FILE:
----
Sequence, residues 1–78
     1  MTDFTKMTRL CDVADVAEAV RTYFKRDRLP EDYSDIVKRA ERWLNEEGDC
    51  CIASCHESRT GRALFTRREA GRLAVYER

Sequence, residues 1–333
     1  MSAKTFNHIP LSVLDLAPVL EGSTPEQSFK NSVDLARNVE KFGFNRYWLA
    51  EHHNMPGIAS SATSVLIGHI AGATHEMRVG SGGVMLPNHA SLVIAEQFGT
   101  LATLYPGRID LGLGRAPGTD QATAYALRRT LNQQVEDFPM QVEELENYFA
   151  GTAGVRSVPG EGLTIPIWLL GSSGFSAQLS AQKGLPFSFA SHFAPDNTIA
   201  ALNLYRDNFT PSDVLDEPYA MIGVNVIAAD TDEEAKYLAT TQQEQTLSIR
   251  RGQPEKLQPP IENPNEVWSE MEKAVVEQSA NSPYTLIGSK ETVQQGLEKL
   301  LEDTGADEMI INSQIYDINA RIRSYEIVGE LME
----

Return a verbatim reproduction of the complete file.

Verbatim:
Sequence, residues 1–78
     1  MTDFTKMTRL CDVADVAEAV RTYFKRDRLP EDYSDIVKRA ERWLNEEGDC
    51  CIASCHESRT GRALFTRREA GRLAVYER

Sequence, residues 1–333
     1  MSAKTFNHIP LSVLDLAPVL EGSTPEQSFK NSVDLARNVE KFGFNRYWLA
    51  EHHNMPGIAS SATSVLIGHI AGATHEMRVG SGGVMLPNHA SLVIAEQFGT
   101  LATLYPGRID LGLGRAPGTD QATAYALRRT LNQQVEDFPM QVEELENYFA
   151  GTAGVRSVPG EGLTIPIWLL GSSGFSAQLS AQKGLPFSFA SHFAPDNTIA
   201  ALNLYRDNFT PSDVLDEPYA MIGVNVIAAD TDEEAKYLAT TQQEQTLSIR
   251  RGQPEKLQPP IENPNEVWSE MEKAVVEQSA NSPYTLIGSK ETVQQGLEKL
   301  LEDTGADEMI INSQIYDINA RIRSYEIVGE LME